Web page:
It is here that I may have found the fulfillment to Julie’s prophecy, that I may “find [myself] naturally withdrawing from her assistance.”  Last Monday evening, I was feeling very confused again about some non-existent issues that Left Side and Right Side have been creating.  I was blast-texting ZJ about some of it (I’m not even sure how we started the text conversation), but as usual, ZJ used her magical powers of – well, I don’t even know, actually – and stopped me from my self-pitied word-vomit, saying, “I’m hungry.  Let’s go eat.”  Not only did that stop my head from whirling, it made me think about how hungry I was.  How hungry I was – H.A.L.T.  I was three quarters of the way to a possible relapse state.  I mean, no, I wasn’t craving, but I was Hungry, Lonely, and Tired.  I just wasn’t Angry yet.  Yet.  Give Left Side and Right Side a chance, and they’ll bring the Beast to my dinner – with me as the entrée.

Part of the issue was that I wanted to go to dinner with AF, but she was unable to do so.  I’d been trying to meet up with her for a few days, and things just hadn’t aligned – of course, why would they, with me running the show?  I had to STOP.  Everything was entirely out of my control, so I had no reason to fret, nonetheless, I was.

ZJ and I met up, and we began talking – or, let me rephrase that – I began talking.  ZJ being ZJ, she just let me ramble away, she could hardly get a word in edgewise.  I told her a bit about my wife, and how we’d met, and the things I’d been through.  Then I proceeded to explain how I felt about AF, and how silly I felt about … well, this is not going to happen yet, I’ll get into this some other day.  All the while, ZJ listened as I spat it out.  My point is, it was very helpful to sit down and talk to someone about the situation I was in, and better yet, to get a lady’s point of view on it. I finally caught myself and stopped babbling for a second, but not until the impromptu meeting was nearly over.

More to my point, the step-work, the writing, and the human interactions and conversations all have their important roles, and they each play a very specific and vital part in my recovery.  I am, on a daily basis, in complete awe of what is happening in my life.  I don’t fully understand all of it, but it is there, and I am changing.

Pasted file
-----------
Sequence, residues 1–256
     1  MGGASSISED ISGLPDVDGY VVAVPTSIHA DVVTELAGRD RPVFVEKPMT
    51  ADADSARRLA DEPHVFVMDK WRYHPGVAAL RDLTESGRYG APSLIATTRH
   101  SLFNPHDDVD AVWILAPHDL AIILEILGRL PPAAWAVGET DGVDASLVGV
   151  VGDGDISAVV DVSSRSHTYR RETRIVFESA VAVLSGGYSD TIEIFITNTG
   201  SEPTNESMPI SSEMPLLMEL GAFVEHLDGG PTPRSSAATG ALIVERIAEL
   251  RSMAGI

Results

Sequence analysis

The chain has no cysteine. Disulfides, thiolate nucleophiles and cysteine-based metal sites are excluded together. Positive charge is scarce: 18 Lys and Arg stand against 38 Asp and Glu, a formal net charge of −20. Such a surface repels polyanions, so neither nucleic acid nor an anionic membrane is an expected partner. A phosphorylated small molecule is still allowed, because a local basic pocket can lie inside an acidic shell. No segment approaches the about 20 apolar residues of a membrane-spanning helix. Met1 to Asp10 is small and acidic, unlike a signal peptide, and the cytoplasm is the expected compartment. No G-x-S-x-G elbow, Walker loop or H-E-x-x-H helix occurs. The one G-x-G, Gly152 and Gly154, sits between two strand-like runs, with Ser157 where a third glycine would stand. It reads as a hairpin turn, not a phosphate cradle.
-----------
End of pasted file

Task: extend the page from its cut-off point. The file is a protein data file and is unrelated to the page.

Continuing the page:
I think Julie may be right; I may be finding myself relying less and less on her.  Although I’ve got a long way to go before I won’t need her, I can feel the release beginning.  “Trust the process” she said to me on days one, two, and three.  At the time, I thought she meant her process.  I see now that she meant human's.

Namasté

 

Drunkless Life

Be Positive. Be Compassionate. Be Love. Be Spiritual. Be Life. Just BE.

Drunkless does not intended to diagnose, treat, or resolve any alcoholic or addiction condition in any way, shape or form.  Drunkless deals primarily with chemical addictions and aims to share the experience, strength, and hope of our bloggers, podcasters, and associated guests and visitors.  Though we recognize and realize that there are many forms of addiction and mental disorders, we are not experienced nor educated in ways where we can advise or give feedback on many of them.  As such, it is up to our visitors to discern the differences and to take appropriate action to seek help for themselves or loved ones.  However, we do hope to provide a glimpse into the correlation between some of them and hopefully allow someone a "one-up" on getting help before it becomes life threatening -- after all, that is our goal -- to provide hope where we can, and possibly save a life.